Nearly a year and a half since the U.S. Supreme Court tossed a class action lawsuit filed by some 1.5 million female Wal-Mart employees who say they hit a corporate glass ceiling, the plaintiffs hit a brick wall in Texas.
Because the court ruled the women of Wal-Mart could not sue as a class, a number of regional complaints have been filed, one of them in Dallas federal court. The plaintiff, among others, is a woman named Stephanie Odle. It seemed she was on the fast track to Wal-Mart upper management. They bounced her around stores in California, Nevada, Dallas, Sherman and ultimately Lubbock. Every time she was up for a promotion, though, management found some excuse to deny her and give the gig to a man.
When she finally landed in Lubbock, she found out three men were taking a test that could result in a promotion to store manager or co-manager at the retailer's Sam's Club. She asked to take it, but was told only three were allowed. That same month, while she was training a new employee on a cash register where no actual store money would be lost, she reported a $13 discrepancy. Nobody acted concerned at the time, but before long she was placed on administrative leave. Then she got a pink slip.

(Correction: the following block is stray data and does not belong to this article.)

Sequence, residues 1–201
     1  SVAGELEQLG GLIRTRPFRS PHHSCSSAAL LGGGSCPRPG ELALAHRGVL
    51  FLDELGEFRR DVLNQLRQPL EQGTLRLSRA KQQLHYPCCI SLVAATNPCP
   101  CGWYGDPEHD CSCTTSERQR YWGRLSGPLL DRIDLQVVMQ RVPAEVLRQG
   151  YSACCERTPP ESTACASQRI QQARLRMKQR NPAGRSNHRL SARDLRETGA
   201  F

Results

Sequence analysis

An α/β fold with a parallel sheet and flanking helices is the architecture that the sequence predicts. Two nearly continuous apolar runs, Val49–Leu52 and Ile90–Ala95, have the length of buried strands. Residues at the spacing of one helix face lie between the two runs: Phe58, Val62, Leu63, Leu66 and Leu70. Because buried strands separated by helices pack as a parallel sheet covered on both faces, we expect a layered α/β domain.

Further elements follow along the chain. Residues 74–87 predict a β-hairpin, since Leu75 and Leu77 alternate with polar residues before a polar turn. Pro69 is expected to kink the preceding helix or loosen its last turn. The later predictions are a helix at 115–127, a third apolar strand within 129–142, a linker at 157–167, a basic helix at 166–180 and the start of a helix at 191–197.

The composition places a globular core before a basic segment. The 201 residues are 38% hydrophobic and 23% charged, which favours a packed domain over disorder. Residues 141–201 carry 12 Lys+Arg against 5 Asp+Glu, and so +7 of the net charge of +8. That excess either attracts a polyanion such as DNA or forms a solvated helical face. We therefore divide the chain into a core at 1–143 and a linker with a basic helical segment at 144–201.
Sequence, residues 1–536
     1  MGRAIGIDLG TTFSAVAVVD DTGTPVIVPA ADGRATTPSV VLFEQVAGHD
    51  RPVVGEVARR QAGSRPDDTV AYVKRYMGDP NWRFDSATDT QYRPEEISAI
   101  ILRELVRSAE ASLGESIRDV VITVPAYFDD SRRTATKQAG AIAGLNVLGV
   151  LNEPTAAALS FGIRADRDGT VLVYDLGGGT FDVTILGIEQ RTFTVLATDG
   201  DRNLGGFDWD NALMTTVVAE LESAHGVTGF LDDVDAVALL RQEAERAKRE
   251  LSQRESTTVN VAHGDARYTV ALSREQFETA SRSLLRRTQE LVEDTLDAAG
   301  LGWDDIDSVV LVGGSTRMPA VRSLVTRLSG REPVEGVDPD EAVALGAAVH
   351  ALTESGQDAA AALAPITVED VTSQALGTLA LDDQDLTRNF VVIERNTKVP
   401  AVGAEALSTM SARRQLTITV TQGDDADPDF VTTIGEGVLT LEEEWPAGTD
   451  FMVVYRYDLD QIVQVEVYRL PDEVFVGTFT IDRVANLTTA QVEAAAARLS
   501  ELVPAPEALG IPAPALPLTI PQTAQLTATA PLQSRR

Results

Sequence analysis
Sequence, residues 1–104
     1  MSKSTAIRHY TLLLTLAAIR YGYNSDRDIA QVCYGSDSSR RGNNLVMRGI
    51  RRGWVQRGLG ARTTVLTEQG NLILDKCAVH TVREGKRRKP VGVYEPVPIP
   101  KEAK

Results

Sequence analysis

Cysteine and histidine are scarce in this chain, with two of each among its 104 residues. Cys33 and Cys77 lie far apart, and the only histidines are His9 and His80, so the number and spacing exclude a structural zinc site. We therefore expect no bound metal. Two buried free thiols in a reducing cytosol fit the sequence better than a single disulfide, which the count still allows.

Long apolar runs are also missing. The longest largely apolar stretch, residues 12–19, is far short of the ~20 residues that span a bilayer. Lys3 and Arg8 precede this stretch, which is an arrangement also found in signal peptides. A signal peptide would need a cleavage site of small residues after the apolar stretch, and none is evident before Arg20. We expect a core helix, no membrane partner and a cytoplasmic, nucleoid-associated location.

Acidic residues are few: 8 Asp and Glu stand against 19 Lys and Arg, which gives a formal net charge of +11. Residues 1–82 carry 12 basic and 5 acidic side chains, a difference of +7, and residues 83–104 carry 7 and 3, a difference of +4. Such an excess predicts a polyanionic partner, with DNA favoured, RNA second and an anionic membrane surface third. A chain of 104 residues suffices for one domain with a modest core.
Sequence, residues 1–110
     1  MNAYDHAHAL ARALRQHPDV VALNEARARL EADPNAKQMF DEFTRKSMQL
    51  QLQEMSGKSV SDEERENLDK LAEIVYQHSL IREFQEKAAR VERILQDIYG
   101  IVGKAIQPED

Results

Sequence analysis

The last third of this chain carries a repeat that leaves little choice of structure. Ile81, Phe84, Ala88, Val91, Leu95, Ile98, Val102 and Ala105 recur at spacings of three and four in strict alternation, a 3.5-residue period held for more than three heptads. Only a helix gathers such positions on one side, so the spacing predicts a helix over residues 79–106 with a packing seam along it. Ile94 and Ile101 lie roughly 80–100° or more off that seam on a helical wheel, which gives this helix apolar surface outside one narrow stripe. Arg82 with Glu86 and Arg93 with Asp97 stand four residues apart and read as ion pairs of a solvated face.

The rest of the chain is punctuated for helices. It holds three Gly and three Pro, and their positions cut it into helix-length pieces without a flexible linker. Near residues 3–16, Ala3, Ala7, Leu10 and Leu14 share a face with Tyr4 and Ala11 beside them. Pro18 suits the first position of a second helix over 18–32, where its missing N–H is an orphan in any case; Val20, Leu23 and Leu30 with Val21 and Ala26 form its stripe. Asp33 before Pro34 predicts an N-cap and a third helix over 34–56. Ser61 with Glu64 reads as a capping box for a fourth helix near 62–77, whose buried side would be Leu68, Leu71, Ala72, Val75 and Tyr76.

She found out later on that a male manager from Phoenix had been dispatched to replace her at her store in Lubbock before the training discrepancy was even reported. Odle filed a complaint with the Equal Opportunity Employment Commission in 1999. The agency issued of notice of right to file suit against Wal-Mart. Her lawsuit was at the root of the class action that eventually wound its way to the Supreme Court.
It was a long road, and it ended in disappointment in Dallas this week. The suit was tossed not because it didn't have merit. It was tossed on procedural grounds, because the "statute of limitations" had run. They call it "piggy-backing." If the Supreme Court -- even a split one -- finds Odle and 1.5 million other female Wal-Mart employees don't constitute a class, the statute has run on all other class action lawsuits.
Or, at least, that's what Judge O'Connor says. The plaintiffs plan to appeal.
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